Guocheng Pan, the CEO of China Hanking Mining, recently told a conference that China would have to continue increasing its iron ore imports because Chinese mine production is falling. That spells continued opportunity for global giants like BHP Billiton (NYSE:BHP), Rio Tinto (NYSE:RIO), and Vale (NYSE:VALE).
According to Pan, China's problem isn't mining, it's the quality of what it's mines are producing. "It is striking that while crude ore increases sharply, iron ore concentrate continues to drop. Chinese miners have invested heavily but unfortunately this has not brought greater iron ore concentrate volumes, mainly because of the decrease in ore quality."
Putting numbers to this, China produced 1.45 billion tonnes of crude ore last year. That's up 17% compared to 2003. However, ore concentrate production peaked over five years ago at 369 million tonnes. Last year's crude haul, despite being higher, only produced 315 million tonnes of ore concentrate. This is why Pan predicts China will have to import 77% of its iron ore by 2016. It imported 72% of its needs last year.
Don't listen to the man behind the curtain
These statements from an industry insider fly in the face of the Chinese government's call to increase its reliance on Chinese sourced iron ore. While Chinese pronouncements get plenty of news coverage, at the end of the day you might be better off listening to Pan—he's living and breathing Chinese mining every day.
Some of the biggest beneficiaries of continued strong demand from China will be Rio Tinto, BHP Billiton, and Vale. Rio and BHP both have mining operations in Australia. That puts them just a short boat ride from China and its steel heavy industrialization plans. Rio Tinto, for example, expects iron ore demand to increase 4% next year and highlights the country's increasing urbanization as a solid long-term demand driver.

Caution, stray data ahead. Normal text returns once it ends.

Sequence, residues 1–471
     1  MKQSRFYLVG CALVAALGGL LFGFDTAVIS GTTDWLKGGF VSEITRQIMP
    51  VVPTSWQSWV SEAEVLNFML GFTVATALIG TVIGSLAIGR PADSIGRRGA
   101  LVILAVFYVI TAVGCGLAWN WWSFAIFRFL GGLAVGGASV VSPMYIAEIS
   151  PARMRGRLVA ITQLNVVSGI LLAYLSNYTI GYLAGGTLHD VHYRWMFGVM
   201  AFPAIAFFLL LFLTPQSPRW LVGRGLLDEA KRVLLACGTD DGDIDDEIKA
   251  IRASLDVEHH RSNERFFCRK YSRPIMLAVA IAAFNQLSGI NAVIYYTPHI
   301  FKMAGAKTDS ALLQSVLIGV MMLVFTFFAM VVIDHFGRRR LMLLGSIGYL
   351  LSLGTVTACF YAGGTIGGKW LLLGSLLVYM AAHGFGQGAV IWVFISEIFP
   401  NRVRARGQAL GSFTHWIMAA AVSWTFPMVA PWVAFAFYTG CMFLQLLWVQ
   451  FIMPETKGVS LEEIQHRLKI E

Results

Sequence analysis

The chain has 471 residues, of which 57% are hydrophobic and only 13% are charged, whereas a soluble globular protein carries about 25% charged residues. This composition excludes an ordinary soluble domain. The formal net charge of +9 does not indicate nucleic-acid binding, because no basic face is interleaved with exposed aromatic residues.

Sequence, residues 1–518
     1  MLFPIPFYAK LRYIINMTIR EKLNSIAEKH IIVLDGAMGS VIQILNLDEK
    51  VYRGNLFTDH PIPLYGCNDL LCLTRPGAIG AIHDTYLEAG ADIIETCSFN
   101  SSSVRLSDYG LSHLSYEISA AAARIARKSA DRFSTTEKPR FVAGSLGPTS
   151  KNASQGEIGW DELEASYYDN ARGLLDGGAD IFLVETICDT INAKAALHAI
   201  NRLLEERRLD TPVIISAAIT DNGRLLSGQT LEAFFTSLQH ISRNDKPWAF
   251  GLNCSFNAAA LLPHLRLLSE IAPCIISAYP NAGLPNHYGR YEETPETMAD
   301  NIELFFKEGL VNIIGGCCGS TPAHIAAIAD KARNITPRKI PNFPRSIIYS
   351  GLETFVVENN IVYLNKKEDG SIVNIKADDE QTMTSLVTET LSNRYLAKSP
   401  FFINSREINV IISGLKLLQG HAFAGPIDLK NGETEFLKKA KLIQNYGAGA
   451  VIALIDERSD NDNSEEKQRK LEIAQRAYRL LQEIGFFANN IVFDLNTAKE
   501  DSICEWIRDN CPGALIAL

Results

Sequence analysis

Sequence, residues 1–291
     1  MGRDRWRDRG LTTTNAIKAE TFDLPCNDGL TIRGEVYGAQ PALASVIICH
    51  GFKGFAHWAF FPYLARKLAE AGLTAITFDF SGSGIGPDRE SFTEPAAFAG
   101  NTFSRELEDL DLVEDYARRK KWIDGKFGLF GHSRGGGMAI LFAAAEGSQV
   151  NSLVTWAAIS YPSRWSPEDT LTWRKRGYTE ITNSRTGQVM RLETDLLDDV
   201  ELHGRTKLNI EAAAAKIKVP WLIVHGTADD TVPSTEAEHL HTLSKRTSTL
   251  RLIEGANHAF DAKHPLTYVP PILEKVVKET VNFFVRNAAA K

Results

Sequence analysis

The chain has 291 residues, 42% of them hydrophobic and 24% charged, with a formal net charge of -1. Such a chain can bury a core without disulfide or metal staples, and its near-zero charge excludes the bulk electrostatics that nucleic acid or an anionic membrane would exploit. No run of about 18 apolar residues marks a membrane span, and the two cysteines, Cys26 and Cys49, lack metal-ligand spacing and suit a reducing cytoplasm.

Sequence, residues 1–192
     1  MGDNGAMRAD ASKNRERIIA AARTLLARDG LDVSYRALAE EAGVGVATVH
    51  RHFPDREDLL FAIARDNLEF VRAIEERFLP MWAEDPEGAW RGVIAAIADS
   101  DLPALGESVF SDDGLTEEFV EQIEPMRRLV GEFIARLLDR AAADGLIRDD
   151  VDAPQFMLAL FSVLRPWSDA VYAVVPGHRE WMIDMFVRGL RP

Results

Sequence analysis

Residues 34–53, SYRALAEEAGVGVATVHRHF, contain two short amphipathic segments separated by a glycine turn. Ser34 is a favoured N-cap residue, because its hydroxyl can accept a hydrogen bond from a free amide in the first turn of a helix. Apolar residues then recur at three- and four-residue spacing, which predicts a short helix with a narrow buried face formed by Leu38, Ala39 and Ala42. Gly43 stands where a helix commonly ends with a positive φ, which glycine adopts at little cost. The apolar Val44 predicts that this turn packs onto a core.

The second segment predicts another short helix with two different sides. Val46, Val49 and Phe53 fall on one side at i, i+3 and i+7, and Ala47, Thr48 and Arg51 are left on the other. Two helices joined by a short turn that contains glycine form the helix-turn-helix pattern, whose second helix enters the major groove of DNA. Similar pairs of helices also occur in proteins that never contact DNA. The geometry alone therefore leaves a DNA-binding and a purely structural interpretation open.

What's notable about both Rio Tinto and BHP Billiton is that iron ore accounts for a big piece of their respective businesses. At Rio, iron ore made up nearly half of revenues last year and over 85% of the earnings of the company's mining operations. For the first half of BHP's fiscal year (year ends in June), iron ore accounted for about a third of revenue and half of operating profits.
Although the price of iron ore is likely to have a bigger impact on the top and bottom line than volume, increasing demand and decreasing supply of iron ore in China will, in the end, help keep prices firm. In fact, Vale points to steel use per GDP as a rallying cry for Asian demand. China's steel demand per GDP, for example, is around half that of South Korea.
This is why Vale has been working to improve its logistics, since much of what it mines comes from South America. That's a much longer boat ride, putting Vale at a disadvantage to BHP and Rio. However, it also has a 25% interest in Zhuhai YPM Pellet in China. If Pan's assessment of the state of China's iron ore mining is correct, however, that could turn out to be a bad call for Vale. Keep an eye on this joint venture, just in case.
Brighter days ahead
The iron ore market isn't as strong as it once was, at least with regard to pricing. However, demand out of Asia, and notably China, continues to grow. Although the Chinese government would love to produce more iron ore locally, China Hanking Mining CEO Pan doesn't see it happening. And the numbers back up his assessment—no matter how much money the country tries to throw at the problem. Indeed, the trends in iron ore look like they will put Rio, BHP, and Vale in a good position to prosper over the long term.
China has plenty to worry about outside of iron ore supply